According to my best recollection I was eight when the new music teacher started at my elementary school. Memory is tricky, though, so I might be out by a year or two either side. But I remember her starting. I don’t remember having music lessons before then, so someone at school or one of the parents, perhaps, must have decided that young Jews needed a musical education to round us out as human beings. Or maybe they were all just tired of the children’s choir that sang every year at the High Holidays being so badly out of tune. I really don’t know who decided to hire a music teacher or when or how they found her, but I do know that her presence in my life was transformational.
Suddenly we all wanted to sing. She used to come in with bits of music to see what happened if she set them to three or four part harmony and split us all into groups to teach us our parts. And the competition for solos was fierce. Everyone wanted to impress her. The school began holding concerts several times year, not just a High Holidays roll out of the cute children from the day school attached to the synagogue building in a rather cynical attempt to get parents to turn up for some of the less well attended services on Yom Kippur, for example.
And our teacher excited us about Jewish music, especially because a lot of it was music we had never heard before, music we had never heard in synagogue before, music that made us want to sing and sometimes dance, music that made us feel joyous about prayer and being Jewish. Our music teacher’s music was nothing like the music that our cantor, a trained opera singer, sang at Shabbat services each week. Her music was music we could join in with. It was, truly, a revelation.
What I didn’t know at the time, but found out years later, was that most of what she taught us to sing really was revolutionary, because it wasn’t the then standard synagogue repertoire. It was music that she was composing at night and weekends, when she wasn’t trying to herd a bunch of 6 – 12 year olds into singing in key. And that music that she composed and tried out on us and then taught us to sing just the way she wanted to hear it sung didn’t just transform our world, our relationship to prayer and synagogue, it transformed the whole of the Jewish world. Because I was very, very fortunate to go to a Jewish day school in suburban southwest Houston in the mid-1970s where they had the foresight to hire Debbie Friedman z’l to be our music teacher.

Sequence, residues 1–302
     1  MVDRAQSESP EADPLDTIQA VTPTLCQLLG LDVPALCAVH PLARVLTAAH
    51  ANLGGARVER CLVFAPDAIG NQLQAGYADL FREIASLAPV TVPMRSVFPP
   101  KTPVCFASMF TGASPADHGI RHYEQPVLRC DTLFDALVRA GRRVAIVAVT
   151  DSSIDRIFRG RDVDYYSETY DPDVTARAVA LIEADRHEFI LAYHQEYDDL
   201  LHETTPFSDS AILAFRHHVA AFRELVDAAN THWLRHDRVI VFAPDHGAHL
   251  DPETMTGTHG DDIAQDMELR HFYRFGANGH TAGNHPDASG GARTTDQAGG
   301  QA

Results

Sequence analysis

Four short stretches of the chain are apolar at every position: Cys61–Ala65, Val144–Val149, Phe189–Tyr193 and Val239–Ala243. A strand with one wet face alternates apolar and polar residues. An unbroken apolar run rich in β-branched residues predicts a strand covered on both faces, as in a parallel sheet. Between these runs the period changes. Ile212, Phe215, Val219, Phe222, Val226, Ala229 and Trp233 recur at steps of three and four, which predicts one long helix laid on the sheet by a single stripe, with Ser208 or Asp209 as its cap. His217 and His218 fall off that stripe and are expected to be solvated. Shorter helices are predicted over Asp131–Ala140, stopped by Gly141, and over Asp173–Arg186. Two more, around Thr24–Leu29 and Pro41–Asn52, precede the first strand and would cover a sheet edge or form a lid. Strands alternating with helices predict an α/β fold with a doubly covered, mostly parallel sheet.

So when I say that I can’t remember the first time I heard or learned to sing ‘Not By Might’, I don’t mean I can’t remember the first time I heard a recording of it or the first time I heard a choral rendition of it. I mean I can’t remember the first time Debbie brought in a handwritten sheet of paper that she had been working on and tried it out with us. I can’t even remember if it was when she taught me in elementary school or when she worked with our youth group later on, when I was in high school. But I do remember being fourteen or fifteen at a B’nai Brith Youth Organisation weekend away, possibly in Chattanooga, Tennessee (if memory serves), and standing on top of the tables with my friends as Debbie played loudly, passionately on her guitar and we sang, ‘not by might and not by power, but by spirit alone, shall all men live in peace.’